4/16/2013

Heaviness

So much going on: tragedies everywhere one looks, hardships, hurts, struggles. It's enough to feel smothered. Of course, allergies aren't helping with that smothering sensation.

Bombs aren't supposed to explode in the middle of Boston. And yet, I remember the first several years after the Oklahoma City bombing that I held my breath and watched, wondering if there would be another attack somewhere--April 19 was a date that stood out. And then enough time passed, and enough April 19s passed without domestic terrorism that the date no longer inspired caution. Oklahoma City shouldn't have happened. Waco shouldn't have.


We try to make sense of the senseless. We try to understand why evil exists. No explanation can really explain it.


Heaviness--we feel it, and we worry about our own. Was anyone we know involved? And yet, seriously? We're so lucky, so blessed. Most of us go about our lives without fear...literally billions of people in this world can't and don't go about their lives without very real fear.


We sit over here in the US, oblivious to the crippling poverty that so many live in, the threat of war, of attack, that they live in. We ignore honor killings of pregnant women because it's inconvenient. We pay no attention to famines leaving children and men and women starving and dying. We turn away from our own homeless and poor and in need.


If we opened ourselves up, really felt, and could grasp large numbers and relate, I think the heaviness would blanket us, crush us. So it's protective that we can't and don't open ourselves too far, too much.


We wrap ourselves up, insulate ourselves, because we have come to expect that pain, loss, grief, sadness, all of these are things we should not have to experience, should not have to feel. We can accept a momentary blip, but we want to throw it off, pretend it's no big deal and continue on, either numb to life, or elated--and yet, elation is often chemically induced.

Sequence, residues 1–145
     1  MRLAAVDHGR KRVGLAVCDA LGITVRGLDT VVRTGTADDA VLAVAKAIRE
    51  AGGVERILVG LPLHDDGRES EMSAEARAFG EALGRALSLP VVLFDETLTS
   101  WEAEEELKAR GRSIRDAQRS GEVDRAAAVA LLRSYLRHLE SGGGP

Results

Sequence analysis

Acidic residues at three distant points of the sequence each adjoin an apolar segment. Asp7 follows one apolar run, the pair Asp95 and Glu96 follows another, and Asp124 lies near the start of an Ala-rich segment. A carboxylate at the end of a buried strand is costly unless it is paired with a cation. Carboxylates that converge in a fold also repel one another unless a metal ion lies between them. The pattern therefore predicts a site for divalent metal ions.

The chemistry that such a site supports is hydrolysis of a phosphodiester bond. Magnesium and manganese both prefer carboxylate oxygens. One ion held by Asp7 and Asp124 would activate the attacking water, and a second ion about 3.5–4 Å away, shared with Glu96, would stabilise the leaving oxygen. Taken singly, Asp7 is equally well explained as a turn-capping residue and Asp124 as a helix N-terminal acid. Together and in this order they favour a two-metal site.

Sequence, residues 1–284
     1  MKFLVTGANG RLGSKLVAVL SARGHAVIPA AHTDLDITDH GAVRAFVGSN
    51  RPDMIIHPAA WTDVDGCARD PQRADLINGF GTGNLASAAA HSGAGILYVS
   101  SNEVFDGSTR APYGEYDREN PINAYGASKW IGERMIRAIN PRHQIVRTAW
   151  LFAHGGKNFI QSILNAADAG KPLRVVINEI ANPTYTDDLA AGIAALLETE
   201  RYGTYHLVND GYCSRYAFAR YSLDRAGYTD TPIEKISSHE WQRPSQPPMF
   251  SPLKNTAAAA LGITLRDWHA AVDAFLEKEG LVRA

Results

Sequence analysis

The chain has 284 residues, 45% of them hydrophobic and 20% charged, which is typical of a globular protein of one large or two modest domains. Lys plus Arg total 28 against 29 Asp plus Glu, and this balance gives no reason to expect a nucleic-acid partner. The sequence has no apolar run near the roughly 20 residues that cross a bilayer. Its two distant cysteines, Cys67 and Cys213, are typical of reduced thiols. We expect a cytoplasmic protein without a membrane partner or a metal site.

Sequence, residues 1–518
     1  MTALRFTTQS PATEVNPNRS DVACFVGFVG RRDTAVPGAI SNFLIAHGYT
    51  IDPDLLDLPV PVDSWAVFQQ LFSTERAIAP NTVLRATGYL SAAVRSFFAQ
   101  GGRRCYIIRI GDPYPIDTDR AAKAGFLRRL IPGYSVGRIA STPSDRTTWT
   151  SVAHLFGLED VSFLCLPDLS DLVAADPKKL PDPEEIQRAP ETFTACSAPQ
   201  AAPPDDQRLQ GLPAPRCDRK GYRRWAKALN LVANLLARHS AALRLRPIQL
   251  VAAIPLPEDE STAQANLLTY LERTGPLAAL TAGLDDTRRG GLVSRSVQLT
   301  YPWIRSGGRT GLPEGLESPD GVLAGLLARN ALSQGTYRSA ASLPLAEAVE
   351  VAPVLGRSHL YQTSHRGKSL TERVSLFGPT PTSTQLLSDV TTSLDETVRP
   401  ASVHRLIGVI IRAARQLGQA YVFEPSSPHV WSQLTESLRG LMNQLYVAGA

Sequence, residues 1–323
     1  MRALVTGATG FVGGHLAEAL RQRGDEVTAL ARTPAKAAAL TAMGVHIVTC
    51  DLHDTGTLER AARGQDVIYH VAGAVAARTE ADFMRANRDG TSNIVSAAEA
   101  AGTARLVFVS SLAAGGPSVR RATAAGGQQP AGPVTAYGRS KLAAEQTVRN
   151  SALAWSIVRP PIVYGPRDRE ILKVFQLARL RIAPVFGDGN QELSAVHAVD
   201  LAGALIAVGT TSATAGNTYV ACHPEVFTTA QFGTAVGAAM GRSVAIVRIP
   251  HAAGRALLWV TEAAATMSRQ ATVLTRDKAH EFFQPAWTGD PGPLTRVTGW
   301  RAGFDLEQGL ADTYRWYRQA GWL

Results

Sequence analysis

We, in America, it seems, expect life to be all ups, at least the middle and upper classes, do. It comes as a shock to the system to realize that Buddha and his four truths had it right, at least with the first truth.


1. Suffering exists
2. Suffering arises from attachment to desires
3. Suffering ceases when attachment to desire ceases
4. Freedom from suffering is possible by practicing the Eightfold Path

Bad things happen, losses (both small and large) are inevitable, and the longer we live, the more loss we will experience.


Adaptive coping helps us get through these losses, the daily struggles. It cannot erase the reality, though, and I think at some point, adaptively coping means learning to live with the pain of loss, to accept that knot in one's throat and stomach, the twist in one's heart and still get up in the morning and walk out into the world each day. It means learning to see the beauty in the moment, to accept that the moment really is fleeting.


This isn't new stuff. It's as old as humankind. We've been trying to make sense of loss and death since the dawn of time, and we've been writing about it since we acquired written language.


GATHER ye rosebuds while ye may, 
  Old Time is still a-flying: 
And this same flower that smiles to-day 
  To-morrow will be dying.





We reconcile, even when we don't want to.


...And they, since they
Were not the one dead, turned to their affairs.


1 comment:

E Fischer said...

Suffering is without a doubt our impetus for creativity. Without suffering there can be no hope for betterment, and we have a long long way to go to be better off.